by Peter Jakey–Managing Editor
“The best-laid plans of mice and men often go awry.”
That famous line came from a Scottish poem “To A Mouse” from Robert Burns, but easily could have been the inspiration of an experience by a Michigan contingent, who traveled to the U.S. Supreme Court last week to hear arguments presented in a tax foreclosure case that could have a lasting impact on local government finances.
Included in the group of five was Presque Isle County treasurer Bridget LaLonde, the treasurer of the Michigan Association of County Treasurers.
LaLonde, who had never been to the nation’s capital, was in line to get into the highest court in the land at 7 a.m. as directed because tickets are given out on a first-come, first serve basis.
LaLonde and her colleagues should have been shoe-ins to get in the courtroom with only a dozen people in front of them.
However, an overzealous security guard(s) handed out 100 tickets the night before. Word filtered out about the distribution of the tickets, but not to the Michigan contingent, who were in line, April 26.
“There were definitely circumstances that nobody planned,” said LaLonde. “We had no idea that they would pass out tickets before the actual formation of the line. We were told to be in line by 7 and that tickets would be distributed to the first 50 between 7 and 7:30 am., and we would have to wait until we were called.”
Before the group knew what was going on, there was a line wrapping around the block with people holding yellow tickets.
“We stood in line for three hours, because it took that long to figure out that something went wrong,” said LaLonde. “The security guards were going back and forth, talking to each other, and going into the Supreme Court, and at the end of the day it was a big mix-up that should have never happened. Unfortunately, we were the casualty of it.”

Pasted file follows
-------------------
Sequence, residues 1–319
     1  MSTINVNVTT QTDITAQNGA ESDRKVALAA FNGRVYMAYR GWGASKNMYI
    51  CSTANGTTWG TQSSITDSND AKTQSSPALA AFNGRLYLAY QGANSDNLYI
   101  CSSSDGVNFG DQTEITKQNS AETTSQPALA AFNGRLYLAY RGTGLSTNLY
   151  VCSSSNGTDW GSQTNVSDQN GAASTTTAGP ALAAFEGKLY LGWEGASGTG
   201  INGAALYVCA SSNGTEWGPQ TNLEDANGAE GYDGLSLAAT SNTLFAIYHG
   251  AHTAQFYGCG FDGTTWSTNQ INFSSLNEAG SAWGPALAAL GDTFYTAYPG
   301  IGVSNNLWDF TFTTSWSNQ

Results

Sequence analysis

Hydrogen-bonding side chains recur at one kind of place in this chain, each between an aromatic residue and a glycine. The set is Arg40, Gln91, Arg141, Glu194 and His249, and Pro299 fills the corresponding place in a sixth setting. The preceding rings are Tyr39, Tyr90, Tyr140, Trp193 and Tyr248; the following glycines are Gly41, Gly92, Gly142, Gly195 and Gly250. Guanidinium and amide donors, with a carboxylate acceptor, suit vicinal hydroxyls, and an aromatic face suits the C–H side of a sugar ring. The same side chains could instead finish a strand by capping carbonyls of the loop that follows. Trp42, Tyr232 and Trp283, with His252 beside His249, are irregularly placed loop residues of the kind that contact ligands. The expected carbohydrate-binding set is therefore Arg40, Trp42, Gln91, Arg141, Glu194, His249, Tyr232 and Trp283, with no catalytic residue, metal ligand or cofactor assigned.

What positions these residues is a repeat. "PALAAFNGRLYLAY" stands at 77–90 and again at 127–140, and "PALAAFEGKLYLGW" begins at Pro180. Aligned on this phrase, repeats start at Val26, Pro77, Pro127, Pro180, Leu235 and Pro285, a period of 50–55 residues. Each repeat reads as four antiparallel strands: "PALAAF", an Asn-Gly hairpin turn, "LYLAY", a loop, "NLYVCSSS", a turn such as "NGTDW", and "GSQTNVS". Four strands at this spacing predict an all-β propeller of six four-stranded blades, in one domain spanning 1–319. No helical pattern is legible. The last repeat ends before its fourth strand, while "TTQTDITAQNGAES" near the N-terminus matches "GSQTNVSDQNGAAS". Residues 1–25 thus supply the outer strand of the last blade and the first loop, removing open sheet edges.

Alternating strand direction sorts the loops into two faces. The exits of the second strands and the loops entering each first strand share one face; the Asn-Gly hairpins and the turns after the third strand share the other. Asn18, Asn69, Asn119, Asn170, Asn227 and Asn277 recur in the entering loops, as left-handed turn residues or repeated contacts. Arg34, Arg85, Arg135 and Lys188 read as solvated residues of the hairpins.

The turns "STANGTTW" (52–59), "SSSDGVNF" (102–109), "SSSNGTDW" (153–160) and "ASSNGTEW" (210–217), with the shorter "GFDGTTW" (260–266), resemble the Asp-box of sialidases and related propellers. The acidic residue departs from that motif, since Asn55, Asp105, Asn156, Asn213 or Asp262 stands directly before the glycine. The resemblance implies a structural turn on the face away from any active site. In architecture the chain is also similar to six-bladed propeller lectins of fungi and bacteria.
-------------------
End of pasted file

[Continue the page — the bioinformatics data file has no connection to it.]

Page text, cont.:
LaLonde may write to U.S. Rep. Jack Bergmann to see if something can be done to make sure it does not happen again.
The group went over to the U.S. Capitol across the street to hear the arguments of the case being presented to the seven justices on their cell phones. Proceedings of the U.S. Supreme Court are not available via video live stream, however the audio is available.
It’s a case originating out of Hennepin County, Minnesota that will decide if a homeowner, who lost a condo in the tax foreclosure process, is entitled to compensation after the county has sold it. Minneapolis, the state’s largest city, is the county seat in Hennepin County.
“I think the main argument for the plaintiff is they believe there is a taking when government acquires property for more than what is owed to the government for interest, taxes and fees,” said LaLonde. “And that any amount collected, above and beyond what is owed, should go back to the prior owner, and that is a representation of equity.
“There were arguments on fair market means and what determines equity. There has to be a fine line of creating enough of a deterrent for people to pay taxes, without feeling at the end of it, something in the process is unbalanced.”
The state of Michigan has already instituted measures as amended within the General Property Tax Act to include a claims process for those taxpayers that have a legal interest in a property that has been foreclosed on for unpaid property taxes.
This allows the property owner to claim any funds that have been collected above and beyond what is due to the county.
“It is going to be interesting to see if they are going to change a process that has been in place for years,” added LaLonde. She flew out the day before and left the following day, April 27, and provided a report to the Presque Isle County Board of Commissioners the next morning. She got to see some sights in a short amount of time, but ultimately, looks forward to going back.